A Tale of 10 Cities: Findings from the Informal Economy Monitoring Study

The global policy-research network Women in Informal Employment: Globalizing and Organizing (WIEGO) and the Inclusive Cities project presented the results of their impressive Informal Economy Monitoring Study. The analysis was conducted in ten cities in the global South to answer the question "How do urban policies and practices, economic trends and value chain dynamics impact informal employment in the global South, and how can urban policies and practices respond effectively to the growing informal workforce?"

The study used both qualitative (focus groups) and quantitative (150 workers per sector/cities) research methods. The conceptual framework was to identify and measure the impact of key drivers, both positive and negative, that impact working conditions in three informal sectors: home-based workers, street vendors, and waste pickers. Eighty one percent of the study's respondents live in a household that depends on informal work, so negative factors that decrease income have a big impact on their livelihoods.

Three categories of driving forces were determined:

  • Macroeconomic trends, including inflation, low or fluctuating demand, and competition. High costs of inputs are hard for street vendors to absorb because it’s difficult for to them to pass on this increased cost to consumers. Consumers are used to negotiating prices, and there's too much competition. According to a respondent in Lahore: "Inflation is killing us."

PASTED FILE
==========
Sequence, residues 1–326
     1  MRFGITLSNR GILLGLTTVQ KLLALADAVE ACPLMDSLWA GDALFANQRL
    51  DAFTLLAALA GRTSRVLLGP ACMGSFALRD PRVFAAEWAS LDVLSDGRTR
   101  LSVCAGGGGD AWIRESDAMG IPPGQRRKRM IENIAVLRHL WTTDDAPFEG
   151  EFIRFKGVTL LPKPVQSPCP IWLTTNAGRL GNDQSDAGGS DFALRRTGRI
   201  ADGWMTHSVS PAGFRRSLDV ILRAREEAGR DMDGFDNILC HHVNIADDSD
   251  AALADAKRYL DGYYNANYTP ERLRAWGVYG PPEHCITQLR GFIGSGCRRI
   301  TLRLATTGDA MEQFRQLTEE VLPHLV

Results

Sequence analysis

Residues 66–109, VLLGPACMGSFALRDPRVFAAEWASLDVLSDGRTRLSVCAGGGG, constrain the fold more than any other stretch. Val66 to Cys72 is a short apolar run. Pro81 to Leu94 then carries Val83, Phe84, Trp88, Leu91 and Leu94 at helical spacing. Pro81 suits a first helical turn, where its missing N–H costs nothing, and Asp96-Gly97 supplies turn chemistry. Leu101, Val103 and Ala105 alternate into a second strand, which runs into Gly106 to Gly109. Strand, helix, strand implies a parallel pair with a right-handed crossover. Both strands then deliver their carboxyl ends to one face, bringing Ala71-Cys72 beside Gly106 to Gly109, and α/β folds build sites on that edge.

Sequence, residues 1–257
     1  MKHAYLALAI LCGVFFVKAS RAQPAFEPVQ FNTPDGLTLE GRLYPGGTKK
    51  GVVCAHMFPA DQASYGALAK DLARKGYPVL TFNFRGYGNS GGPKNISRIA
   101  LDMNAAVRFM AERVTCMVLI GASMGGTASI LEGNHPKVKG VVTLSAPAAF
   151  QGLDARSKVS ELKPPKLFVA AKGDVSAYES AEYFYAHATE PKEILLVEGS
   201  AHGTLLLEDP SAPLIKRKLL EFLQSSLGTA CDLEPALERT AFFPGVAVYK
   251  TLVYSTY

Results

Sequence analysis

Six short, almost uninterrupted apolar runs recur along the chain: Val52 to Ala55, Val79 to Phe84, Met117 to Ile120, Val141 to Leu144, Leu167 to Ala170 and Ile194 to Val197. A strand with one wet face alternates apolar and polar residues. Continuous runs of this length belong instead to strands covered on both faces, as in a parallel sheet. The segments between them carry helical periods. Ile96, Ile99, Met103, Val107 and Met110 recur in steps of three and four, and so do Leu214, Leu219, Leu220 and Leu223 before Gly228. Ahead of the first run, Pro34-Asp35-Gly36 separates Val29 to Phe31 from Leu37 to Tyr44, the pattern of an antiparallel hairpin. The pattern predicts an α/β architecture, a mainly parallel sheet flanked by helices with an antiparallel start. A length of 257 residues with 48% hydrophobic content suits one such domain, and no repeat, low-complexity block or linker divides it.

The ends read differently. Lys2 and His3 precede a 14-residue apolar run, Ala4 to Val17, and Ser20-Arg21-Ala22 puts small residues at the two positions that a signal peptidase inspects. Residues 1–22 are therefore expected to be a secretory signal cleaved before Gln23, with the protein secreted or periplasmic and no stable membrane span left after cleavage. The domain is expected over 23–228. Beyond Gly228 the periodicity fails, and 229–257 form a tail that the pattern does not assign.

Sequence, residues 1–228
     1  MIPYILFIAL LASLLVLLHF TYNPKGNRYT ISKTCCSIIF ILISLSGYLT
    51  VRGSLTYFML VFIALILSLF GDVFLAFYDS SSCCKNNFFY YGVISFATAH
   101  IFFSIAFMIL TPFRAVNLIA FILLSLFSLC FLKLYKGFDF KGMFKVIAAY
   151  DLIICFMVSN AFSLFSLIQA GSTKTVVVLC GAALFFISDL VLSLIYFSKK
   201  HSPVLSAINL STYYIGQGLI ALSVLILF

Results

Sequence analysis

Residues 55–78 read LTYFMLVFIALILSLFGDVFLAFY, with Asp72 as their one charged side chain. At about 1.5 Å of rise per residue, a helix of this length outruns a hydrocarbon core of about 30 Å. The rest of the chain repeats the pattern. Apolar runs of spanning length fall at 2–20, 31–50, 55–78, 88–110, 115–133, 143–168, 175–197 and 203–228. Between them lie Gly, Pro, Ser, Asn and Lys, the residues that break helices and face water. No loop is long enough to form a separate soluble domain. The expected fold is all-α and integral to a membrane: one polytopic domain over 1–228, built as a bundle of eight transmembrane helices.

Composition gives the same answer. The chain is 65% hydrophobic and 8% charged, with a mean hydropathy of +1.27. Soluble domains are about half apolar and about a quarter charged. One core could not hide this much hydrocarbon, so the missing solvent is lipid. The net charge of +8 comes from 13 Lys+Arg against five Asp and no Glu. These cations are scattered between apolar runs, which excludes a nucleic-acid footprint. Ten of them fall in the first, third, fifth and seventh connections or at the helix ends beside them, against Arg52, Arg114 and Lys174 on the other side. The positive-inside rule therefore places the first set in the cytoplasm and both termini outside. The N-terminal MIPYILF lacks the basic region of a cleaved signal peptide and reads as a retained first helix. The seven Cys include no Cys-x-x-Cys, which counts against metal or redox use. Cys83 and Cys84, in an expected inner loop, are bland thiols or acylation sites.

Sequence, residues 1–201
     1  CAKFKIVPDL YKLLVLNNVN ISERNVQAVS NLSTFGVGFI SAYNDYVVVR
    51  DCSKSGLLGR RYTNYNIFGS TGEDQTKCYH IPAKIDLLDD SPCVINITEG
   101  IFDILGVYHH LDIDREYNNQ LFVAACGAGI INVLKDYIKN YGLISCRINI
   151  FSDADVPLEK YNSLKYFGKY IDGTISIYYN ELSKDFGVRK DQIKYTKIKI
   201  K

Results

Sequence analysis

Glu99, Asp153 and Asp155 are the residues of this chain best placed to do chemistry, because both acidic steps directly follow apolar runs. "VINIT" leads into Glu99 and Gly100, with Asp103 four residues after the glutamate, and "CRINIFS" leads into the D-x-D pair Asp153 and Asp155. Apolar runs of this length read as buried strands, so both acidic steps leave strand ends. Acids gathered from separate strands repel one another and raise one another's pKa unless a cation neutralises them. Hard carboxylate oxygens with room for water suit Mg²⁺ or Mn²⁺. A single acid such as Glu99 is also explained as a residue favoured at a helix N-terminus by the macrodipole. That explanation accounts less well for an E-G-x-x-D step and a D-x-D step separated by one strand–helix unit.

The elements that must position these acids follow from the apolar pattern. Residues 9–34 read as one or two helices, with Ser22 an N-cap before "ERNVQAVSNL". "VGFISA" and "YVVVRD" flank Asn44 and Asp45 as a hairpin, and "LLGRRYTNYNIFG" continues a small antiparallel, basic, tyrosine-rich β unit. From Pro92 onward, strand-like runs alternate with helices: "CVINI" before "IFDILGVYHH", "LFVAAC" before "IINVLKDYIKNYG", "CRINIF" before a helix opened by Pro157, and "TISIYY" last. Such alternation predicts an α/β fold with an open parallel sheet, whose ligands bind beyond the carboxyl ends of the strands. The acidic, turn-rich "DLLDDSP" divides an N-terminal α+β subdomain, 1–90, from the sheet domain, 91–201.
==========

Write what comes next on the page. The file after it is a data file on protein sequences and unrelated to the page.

• City government policies and practices, including lack of basic infrastructure, like irregular electricity or lack of transportation, insecurity of workplace and abuse of authority, like harassment, merchandise confiscation, and policy environment, which affects access to waste, and workplace infrastructure. One respondent from Bogotá, describing the policy environment, said: "This country goes on favoring multimillionaires".
  • Value chain dynamics, including low piece rates (affecting home-based workers because they have to cover the non-wage costs of production), high interest rates (since street vendors need working capital on a daily basis, and moneylenders and wholesalers charge very high rates with difficult repayment conditions), and unstable selling prices for recyclable materials (affecting waste pickers).

The presentation went on to describe the importance of membership-based organizations in mitigating these drivers, the many links between the formal and informal economy, and the ways in which informal workers saw themselves as contributing to society, like through taxes, cleaning the area around their stalls, and protecting the community from thieves.

The study's results have already made a difference on the ground, as many organizations have used the data to identify needs that were voiced in focus groups, clarify public policy priorities, and inform policy dialogues in support of workers.

Caroline Moser of the University of Manchester, special advisor to the project, concluded by providing three important methodology lessons for doing this type of collaborative, participatory research:

  • Interestingly, the focus groups were used not only for anecdotal evidence, but also for providing quantitative data (meaning that the focus groups had to be comparable across cities and types of workers).
  • Capacity building: in each of the ten cities, five experts were trained (in three different languages!) not only on how to get data, but also how to analyze it.
  • Finally, there's no replacement for robust quantitative data.

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